HEY YOU! YES, YOU. You need to read this.
Oh, come on… don’t run away screaming like a little girl. This is for your own good and the welfare of all humanity. If, by chance, you have been living under a rock, are in complete denial of how small our world has become or blissfully ignorant of how precarious the safety of our food sources are, do yourself a favor and go read some headlines. Really. I’ll wait.
Still not convinced? Let me put it to you this way — if you are someone who regularly breathes air or eats food that you yourself have not grown, prepared and cooked, you are at risk. Period. And make no mistake about it, it’s not just “over there” it is here too.
Don’t believe me? Let’s talk about Hepatitis A – a foodborne illness that is preventable. How is your food source contaminated with the virus? If a food handler anywhere along the path from ground to grocery has Hep A, there is a very good chance that you too will contract the disease. Scary, right? Well… The good news is there is a vaccine that prevents the disease. Two doses given six months apart and you won’t have to worry about Hep A or the possibility of needing a pesky liver transplant. Two shots just seem like such a small price to pay.
So what about Hepatitis B? Good question! Since Hepatitis B is a blood born virus, most of you won’t need to concern yourself with it. Unless… like me, you love to travel to obscure places where medical standards might not be quite up to snuff. So I, personally, made the decision to err on the side of caution and get vaccinated for Hep B as well. Needless to say my liver is grateful… again.
Next… and yes, this applies to all you Arm Chair Travelers as well…
Remember those inoculations that you received as a kid? Measles, mumps, rubella, polio, diphtheria, tetanus, etc. Did you know that many of them don’t provide a lifetime of protection? Yeah, me either, until I did some research. Tetanus, for example, requires a booster every 10 years. Mumps and Measles have once again reared their ugly head, so you should definitely consider getting a booster for them too. And don’t get me started about the likelihood of being exposed to Typhoid and Yellow Fever while traveling off the beaten path, because they are out there. In fact, the yellow fever vaccine is actually required when traveling to some African countries. So for me, it just makes sense to protect myself before I go.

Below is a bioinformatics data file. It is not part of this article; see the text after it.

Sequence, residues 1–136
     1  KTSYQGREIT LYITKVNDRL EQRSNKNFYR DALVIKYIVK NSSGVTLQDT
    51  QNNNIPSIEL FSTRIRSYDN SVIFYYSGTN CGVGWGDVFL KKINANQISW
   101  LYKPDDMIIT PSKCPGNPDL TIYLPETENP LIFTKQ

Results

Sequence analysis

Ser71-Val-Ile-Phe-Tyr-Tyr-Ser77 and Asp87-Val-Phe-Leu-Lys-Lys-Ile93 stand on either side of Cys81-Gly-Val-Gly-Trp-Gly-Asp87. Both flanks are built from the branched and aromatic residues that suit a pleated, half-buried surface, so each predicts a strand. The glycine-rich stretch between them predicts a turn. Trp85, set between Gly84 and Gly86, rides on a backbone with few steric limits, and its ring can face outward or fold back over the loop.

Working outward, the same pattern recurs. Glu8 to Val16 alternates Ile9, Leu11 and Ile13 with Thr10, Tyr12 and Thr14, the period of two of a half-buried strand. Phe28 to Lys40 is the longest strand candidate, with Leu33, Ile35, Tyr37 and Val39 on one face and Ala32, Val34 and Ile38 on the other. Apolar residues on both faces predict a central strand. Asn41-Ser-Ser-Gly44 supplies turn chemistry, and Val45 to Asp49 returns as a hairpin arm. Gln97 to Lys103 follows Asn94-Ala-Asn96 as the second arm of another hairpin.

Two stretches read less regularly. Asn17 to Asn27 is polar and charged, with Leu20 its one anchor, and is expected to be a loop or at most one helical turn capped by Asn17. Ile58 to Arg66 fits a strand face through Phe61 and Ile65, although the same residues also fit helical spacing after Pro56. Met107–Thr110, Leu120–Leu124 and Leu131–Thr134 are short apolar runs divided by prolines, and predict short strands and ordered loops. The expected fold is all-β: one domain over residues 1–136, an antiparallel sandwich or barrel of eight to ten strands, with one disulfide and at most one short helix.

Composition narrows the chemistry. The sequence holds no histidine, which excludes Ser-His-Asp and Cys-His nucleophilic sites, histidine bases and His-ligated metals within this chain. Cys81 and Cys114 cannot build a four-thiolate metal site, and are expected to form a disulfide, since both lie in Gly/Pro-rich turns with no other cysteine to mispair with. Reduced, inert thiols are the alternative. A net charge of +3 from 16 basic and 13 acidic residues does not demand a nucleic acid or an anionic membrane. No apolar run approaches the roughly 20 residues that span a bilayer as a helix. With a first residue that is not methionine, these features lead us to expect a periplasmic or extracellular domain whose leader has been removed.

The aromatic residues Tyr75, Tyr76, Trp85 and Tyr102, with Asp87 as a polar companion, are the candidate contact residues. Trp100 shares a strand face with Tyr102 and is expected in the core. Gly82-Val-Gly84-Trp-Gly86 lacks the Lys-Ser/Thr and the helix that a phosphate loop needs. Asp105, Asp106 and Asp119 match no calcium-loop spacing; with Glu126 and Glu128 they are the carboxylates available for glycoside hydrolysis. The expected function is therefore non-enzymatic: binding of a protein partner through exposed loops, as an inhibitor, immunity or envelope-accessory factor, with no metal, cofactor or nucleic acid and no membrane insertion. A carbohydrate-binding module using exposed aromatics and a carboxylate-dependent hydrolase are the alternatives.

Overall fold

Now, I’m not a doctor, but I can tell you that there is a trusted, well-informed source for vaccinations and other vital travel information pertaining to your health and no, it’s not Wikipedia.
The Foreign Travel Nurse at your local health department is a wealth of information. Educated in real time, he or she will tell you more about a wide variety of diseases than you ever thought you might want to know. The experience is similar to reading the insert that comes along with your prescription drugs in that it is both eye opening and truth be told, a little intimidating too. Rather than letting the knowledge dissuade you from traveling it is much better to protect yourself before you go and then use common sense while on the road.
To find the location of the Foreign Travel Nurse in your area, first google your local health department, then click on International Immunizations.
And last but not least, if there is not a word in the local language that translates into “sanitation” you probably shouldn’t eat the fish.
I’m jus’ sayin…
Disclaimer: While I personally have suffered no discernible side effects from vaccines and immunizations, I am aware of anecdotal evidence that suggests the Yellow Fever vaccine, in particular, has a hand in accelerating the progression of Parkinson’s disease. To ascertain any risks involved for you personally, be sure to discuss this and any other health concerns with your private physician.